Did You Know? – Les Misérables
There are approximately 101 members of cast and crew directly involved in every performance of Les Misérables.
It takes 4 people to change Cosette from her black dress to her wedding dress in less than a minute.
Judi Dench made a single appearance on the barricade as the one-off character of Madame La Farge in May 2004.
Les Misérables has been seen by 10,953,665 people in London. It has grossed £206,689,372 ($393,887,609) at the London Box office and over £1.4 ($2.7) billion worldwide.
The famous revolve has made 216,275 complete turns in London alone, equating to over 4,168 miles or the distance from London to Chicago. If you add the complete revolves worldwide, it is a staggering 39,851.33 miles! (The circumference of the earth is only 24,859.82 miles)
The London Jean Valjeans have stolen 8,000 loaves of bread and the London cast have fired more than 60,000 gunshots.
The now-famous lithograph of little Cosette was designed by Emile Bayard, Victor Hugo’s favorite illustrator.
Excerpts from Les Misérables were performed at the closing ceremony of the Euro 96 Football Championships at Wembley Stadium. Fourteen Jean Valjeans and fourteen Gavroches took part, together with 176 members of the choir.
“One Day More” was used for Bill Clinton’s 1992 US Presidential Campaign and 7 US Presidents have seen Les Misérables: Nixon, Ford, Reagan, Bush, Clinton and Bush.
Over 500 children have played the roles of Gavroche, Young Cosette and Young Eponine in London.
The biggest single live audience for Les Misérables to date was 125,000 at the 1989 Australia Day Concert in Sydney.
For the 21st Anniversary on October 8, 2006 an appreciative audience was given a special surprise. At the end of the show after the current cast had taken their bows in front of the barricade, the revolve turned to reveal the original cast, with Colm Wilkinson singing “Bring Him Home”. Then, as the barricade parted, Patti Lu Pone’s “I Dreamed a Dream” was followed by Elaine Paige singing “Memory”, after which she took off her Cats coat and laid it in little Cosette’s arms, symbolically passing the mantle of the world’s longest running musical from Cats to Les Misérables.
Did You Know? – Miss Saigon
Miss Saigon is one of the most spectacular and technically complex productions ever staged. Of the 266 people who worked on the London production at each performance, only 47 appeared in front of the audience.
The helicopter is a masterstroke of illusion. The “blades” in reality are thin cords with centrifugal force giving the impression of a completely realistic whirling blade motion.
The most unusual production to date was an open-air production in Szeged, Hungary where a real helicopter was used to recreate the evacuation of Saigon by the American forces.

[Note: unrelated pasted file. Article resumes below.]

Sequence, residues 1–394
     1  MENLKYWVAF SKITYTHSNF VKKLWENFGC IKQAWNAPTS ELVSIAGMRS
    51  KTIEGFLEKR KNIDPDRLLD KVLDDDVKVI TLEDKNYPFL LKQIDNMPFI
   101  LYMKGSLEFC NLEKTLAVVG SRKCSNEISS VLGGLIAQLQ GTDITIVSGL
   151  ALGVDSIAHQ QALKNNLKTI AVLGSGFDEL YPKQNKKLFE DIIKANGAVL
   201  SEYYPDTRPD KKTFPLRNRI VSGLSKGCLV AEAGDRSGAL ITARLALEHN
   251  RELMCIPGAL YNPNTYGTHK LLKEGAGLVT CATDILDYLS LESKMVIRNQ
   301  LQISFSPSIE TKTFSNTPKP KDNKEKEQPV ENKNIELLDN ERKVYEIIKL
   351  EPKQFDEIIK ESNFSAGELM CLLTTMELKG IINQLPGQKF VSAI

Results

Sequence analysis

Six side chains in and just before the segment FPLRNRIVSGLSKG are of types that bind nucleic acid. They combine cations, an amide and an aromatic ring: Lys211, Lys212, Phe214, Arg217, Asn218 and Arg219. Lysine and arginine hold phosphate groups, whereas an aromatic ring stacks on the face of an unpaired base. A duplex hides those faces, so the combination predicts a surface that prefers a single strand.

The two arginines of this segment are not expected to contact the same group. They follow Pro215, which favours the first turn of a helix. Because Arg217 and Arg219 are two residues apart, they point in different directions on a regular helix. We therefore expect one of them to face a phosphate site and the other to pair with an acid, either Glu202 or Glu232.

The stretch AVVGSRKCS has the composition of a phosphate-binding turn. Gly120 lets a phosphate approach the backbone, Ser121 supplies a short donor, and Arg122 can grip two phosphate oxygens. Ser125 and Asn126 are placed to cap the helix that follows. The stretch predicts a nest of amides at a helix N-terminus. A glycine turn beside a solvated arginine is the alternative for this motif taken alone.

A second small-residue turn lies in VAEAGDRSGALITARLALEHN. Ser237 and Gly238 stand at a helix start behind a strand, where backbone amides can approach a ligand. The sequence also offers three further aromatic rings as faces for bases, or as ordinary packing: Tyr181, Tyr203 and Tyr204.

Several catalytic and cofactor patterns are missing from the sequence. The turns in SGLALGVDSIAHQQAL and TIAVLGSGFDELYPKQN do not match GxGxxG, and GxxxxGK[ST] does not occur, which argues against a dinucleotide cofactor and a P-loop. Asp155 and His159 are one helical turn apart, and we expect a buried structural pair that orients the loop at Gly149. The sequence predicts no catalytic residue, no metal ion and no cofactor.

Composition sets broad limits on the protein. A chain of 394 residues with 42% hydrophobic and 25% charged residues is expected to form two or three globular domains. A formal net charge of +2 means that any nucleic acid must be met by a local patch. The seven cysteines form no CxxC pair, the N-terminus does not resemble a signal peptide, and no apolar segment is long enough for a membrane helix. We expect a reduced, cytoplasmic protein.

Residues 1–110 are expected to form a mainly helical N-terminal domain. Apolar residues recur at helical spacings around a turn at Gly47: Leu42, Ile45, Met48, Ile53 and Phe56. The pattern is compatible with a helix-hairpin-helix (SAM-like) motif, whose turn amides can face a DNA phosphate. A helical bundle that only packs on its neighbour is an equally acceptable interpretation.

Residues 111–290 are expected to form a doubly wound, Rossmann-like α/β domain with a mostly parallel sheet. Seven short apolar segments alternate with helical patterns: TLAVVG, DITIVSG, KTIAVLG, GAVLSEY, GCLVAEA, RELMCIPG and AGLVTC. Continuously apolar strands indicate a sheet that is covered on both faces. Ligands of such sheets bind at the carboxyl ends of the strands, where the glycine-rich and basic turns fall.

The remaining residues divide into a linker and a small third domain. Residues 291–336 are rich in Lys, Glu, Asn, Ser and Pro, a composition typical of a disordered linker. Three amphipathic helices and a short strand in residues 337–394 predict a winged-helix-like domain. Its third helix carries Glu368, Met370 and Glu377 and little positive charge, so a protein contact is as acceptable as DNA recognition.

Many of the artists appearing in Miss Saigon have come from the Philippines. There is a Miss Saigon school in Manila, and in London a special school was set up to help train young performers in the singing and dancing skills required.
The shakuhachi is a Japanese bamboo flute, which gives a striking purity of sound, and so it was used to characterize Kim and only played when she was singing or someone was thinking about her.
For the Engineer’s Tour it took twenty-six 44-foot trailers to move the set between venues.
For the same tour, the lighting rig to buy new would have cost in the region of £5 million ($9.5 million) and re-lamping the lamps in the moving lights, which took place every 700 hours, cost approximately £7,500 ($14,200).
The Ho Chi Minh statue was 18 feet high and weighed approximately 397 lbs. The hotel set weighed approximately 1 ton.
The Cadillac was designed especially for this production. It weighed 123 lbs. and folded in half for easy storage.
For the props there were: 816 bottles of Budweiser/Schwarz Beer, 450 bottles of Coke, 8 handguns (3 of which fired blank bullets), 17 G.I. rifles, 33 Vietnam flags, 19 Ho Chi Minh flags, 29 Red Army flags and 26 Ribbon Sticks.
For each performance 35 cigarettes, 19 roll ups/spliffs and 300 dollar bills were needed.
The second touring production of Miss Saigon had a breath-taking new design and used cutting-edge visual techniques to vividly recreate the streets of Vietnam and Bangkok, including the memorable final helicopter flight from the roof of the American Embassy, which seemed incredibly real and enabled the show to play in many more theatres that couldn’t accommodate the original production.
For more Facts and Trivia see Chapter 7 Showcase: A Fact File on the Productions.